24 Oct 2021 2:58 PM GMT
The Madhya Pradesh High Court (Indore Bench) recently ruled that a party seeking a scientific expert's attendance under Section 311 of CrPC needs to plead with accuracy and precision as to why the expert witness must be summoned before the court. This assertion came from the Bench of Justice Sujoy Paul and Justice Pranay Verma as it stressed that for invoking power under Section 311...
The Madhya Pradesh High Court (Indore Bench) recently ruled that a party seeking a scientific expert's attendance under Section 311 of CrPC needs to plead with accuracy and precision as to why the expert witness must be summoned before the court.
This assertion came from the Bench of Justice Sujoy Paul and Justice Pranay Verma as it stressed that for invoking power under Section 311 of CrPC, it has to be determined by the Presiding Judge (in the facts of each case) whether new evidence is essential to the just decision of a case or not.
Essentially, Section 311 of the Cr.P.C deals with the Power of Court to summon material witness or examine person present.
It states the following:
"Any Court may, at any stage of any inquiry, trial or other proceedings under this Code, summon any person in attendance, though not summoned as a witness, or recall and reexamine any person already examined; and the Court shall summon and examine or recall and re-examine any such person if his evidence appears to it to be essential to the just decision of the case."
Referring to Section 311 of CrPC, the Court noted that this Section is in two parts. In the first part, the word "may" is employed, and in the second part uses "shall", meaning thereby, the first part gives pure discretion to the criminal court whereas the second part makes it mandatory to summon the witness.
"The litmus test to exercise power under the second part aforesaid is whether it is essential to the just decision of a case to summon the witnesses. Whether new evidence is essential or not depends on the facts and circumstances of each case which needs to be determined by the presiding Judge," the court further held, referring to Apex court's ruling in the case of Zahira Habibullah Sheikh and Anr Vs. State of Gujarat and Ors reported in (2006) 3 SCC 374.
The facts in brief
The Petitioner, one Arun Kumar Dey, is facing prosecution under Section 7, 13(1) and 13(2) of the Prevention of Corruption Act as allegedly, while working as Manager of District Industries Centre at Ujjain, he had received illegal gratification for executing lease deed in favor of the complainant.
It was alleged that the petitioner demanded an illegal gratification which resulted in a trap in which the petitioner's hands, pocket, and pants were washed in Sodium Carbonate solution which turned pink.
Bottles in which washings were kept, were sent to the Forensic Science Laboratory, Rau, District – Indore for analysis. In turn, Scientific Officer submitted the report which was filed before the Court below.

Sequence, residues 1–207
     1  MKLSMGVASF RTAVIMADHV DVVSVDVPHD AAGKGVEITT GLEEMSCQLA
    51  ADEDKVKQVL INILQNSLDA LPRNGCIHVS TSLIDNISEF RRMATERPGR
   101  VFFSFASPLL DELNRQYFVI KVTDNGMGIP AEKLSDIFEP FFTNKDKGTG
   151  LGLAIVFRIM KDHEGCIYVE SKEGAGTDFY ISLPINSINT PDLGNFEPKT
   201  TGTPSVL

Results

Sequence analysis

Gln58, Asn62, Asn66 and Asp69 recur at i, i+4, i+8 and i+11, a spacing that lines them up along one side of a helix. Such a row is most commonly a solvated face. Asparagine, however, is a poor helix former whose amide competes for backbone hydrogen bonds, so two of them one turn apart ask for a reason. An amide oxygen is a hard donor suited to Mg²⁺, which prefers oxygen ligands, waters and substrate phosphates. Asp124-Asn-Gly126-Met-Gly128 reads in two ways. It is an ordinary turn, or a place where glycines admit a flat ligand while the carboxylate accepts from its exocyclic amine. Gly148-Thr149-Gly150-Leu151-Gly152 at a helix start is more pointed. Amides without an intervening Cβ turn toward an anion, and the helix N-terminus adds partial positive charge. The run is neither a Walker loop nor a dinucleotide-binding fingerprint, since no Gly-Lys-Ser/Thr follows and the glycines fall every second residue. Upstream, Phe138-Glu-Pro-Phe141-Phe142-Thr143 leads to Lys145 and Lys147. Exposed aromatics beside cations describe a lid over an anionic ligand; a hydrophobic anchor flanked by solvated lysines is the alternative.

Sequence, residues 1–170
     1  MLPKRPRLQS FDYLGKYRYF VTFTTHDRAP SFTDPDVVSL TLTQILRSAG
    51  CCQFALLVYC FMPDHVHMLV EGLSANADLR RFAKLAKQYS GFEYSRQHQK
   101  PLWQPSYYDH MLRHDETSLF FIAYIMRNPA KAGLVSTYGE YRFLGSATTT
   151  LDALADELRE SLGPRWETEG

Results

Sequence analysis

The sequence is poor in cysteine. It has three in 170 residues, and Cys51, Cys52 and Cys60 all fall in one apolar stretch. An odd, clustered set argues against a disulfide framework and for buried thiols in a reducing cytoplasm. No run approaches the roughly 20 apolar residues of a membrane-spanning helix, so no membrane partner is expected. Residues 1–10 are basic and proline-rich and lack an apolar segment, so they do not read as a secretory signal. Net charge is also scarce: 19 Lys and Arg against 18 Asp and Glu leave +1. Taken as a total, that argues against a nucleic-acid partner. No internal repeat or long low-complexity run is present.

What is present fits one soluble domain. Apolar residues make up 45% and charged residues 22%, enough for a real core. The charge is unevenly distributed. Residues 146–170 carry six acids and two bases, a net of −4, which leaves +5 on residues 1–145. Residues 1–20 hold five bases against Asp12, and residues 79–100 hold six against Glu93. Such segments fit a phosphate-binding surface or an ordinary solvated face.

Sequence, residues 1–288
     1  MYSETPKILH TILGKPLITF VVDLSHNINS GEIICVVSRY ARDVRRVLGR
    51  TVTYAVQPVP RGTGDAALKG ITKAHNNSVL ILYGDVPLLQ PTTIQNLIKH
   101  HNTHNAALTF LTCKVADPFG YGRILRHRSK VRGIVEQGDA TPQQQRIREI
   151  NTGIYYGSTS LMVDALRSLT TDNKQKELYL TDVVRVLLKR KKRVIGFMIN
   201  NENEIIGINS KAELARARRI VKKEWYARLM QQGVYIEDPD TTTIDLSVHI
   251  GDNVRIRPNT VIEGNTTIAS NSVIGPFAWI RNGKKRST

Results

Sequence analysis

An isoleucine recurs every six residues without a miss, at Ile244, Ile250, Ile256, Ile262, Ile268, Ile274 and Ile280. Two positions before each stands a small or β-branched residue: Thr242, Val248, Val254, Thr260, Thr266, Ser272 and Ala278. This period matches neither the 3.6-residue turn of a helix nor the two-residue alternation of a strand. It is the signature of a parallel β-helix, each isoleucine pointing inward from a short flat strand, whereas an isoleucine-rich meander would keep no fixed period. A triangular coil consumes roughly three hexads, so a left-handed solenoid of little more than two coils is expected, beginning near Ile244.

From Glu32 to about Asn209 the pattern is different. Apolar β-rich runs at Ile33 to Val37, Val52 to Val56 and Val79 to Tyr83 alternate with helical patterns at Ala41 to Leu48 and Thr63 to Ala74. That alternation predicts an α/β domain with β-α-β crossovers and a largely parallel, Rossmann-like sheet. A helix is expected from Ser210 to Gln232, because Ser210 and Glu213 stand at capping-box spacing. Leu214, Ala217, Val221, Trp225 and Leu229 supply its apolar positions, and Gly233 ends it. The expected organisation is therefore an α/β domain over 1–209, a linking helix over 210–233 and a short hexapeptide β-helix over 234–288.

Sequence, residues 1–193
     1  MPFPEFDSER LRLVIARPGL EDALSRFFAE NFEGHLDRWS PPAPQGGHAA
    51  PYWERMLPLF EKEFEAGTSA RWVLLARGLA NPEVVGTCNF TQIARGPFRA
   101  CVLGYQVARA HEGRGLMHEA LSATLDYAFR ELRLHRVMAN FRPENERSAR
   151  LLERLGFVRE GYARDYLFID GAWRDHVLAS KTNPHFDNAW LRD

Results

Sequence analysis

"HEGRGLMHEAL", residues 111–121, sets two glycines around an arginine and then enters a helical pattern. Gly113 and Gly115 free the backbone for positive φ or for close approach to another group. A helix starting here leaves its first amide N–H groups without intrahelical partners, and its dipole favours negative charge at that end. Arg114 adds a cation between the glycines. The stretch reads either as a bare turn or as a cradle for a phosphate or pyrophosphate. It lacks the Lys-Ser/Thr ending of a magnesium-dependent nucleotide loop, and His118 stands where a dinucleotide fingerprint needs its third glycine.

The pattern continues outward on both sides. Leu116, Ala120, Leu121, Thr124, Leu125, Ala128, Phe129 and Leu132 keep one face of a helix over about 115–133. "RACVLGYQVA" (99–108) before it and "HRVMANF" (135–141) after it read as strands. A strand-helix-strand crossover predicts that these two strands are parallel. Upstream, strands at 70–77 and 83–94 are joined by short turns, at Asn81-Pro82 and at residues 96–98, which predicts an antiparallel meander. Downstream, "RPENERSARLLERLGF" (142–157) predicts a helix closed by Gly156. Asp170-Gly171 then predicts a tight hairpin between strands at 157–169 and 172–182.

On the basis of deposition of prosecution witnesses, the petitioner noticed certain discrepancies and thought it proper to file an application under Section 311 of the Cr.P.C. for calling the scientific expert for cross-examination.
However, the Court below dismissed the said application, and challenging the same, he moved the High Court while filing a 482 CrPC plea.
It was argued before the High Court by the petitioner that unless expert/scientific expert is put to cross-examination by summoning him in the exercise of power under section 311 of the Cr. P.C, the applicant will not be able to demolish the case of the prosecution and put forth his defense in an effective manner.
At the outset, the Court noted that the power flowing from the second part of section 311 of the Cr. P.C cannot be exercised on mere asking.
"Merely because it is pleaded that 'in the interest of justice' and 'for lawful adjudication of matter,' scientific expert should be summoned, it was not obligatory on the part of Special Judge to summon the said witness unless it is established with accuracy and precision that the new evidence is essential in the peculiar facts and circumstances of the case," the Court held.
Considering the facts of the case, the Court observed that the application of the petitioner did not contain sufficient pleadings and reasons on the strength of which the power under section 311 of the Cr. P.C could have been exercised by the Court below.
"In the instant case, since the petitioner has miserably failed to establish necessary ingredients for invoking power under section 311 of the Cr.P.C, we are unable to hold that the Court below has passed the order either with material irregularity or illegality. Hence, no case is made out for interference," the Court held as it dismissed the 482 plea filed by the petitioner.
Case title - Arun Kumar Dey v. The State of Madhya Pradesh through Special Police Establishment
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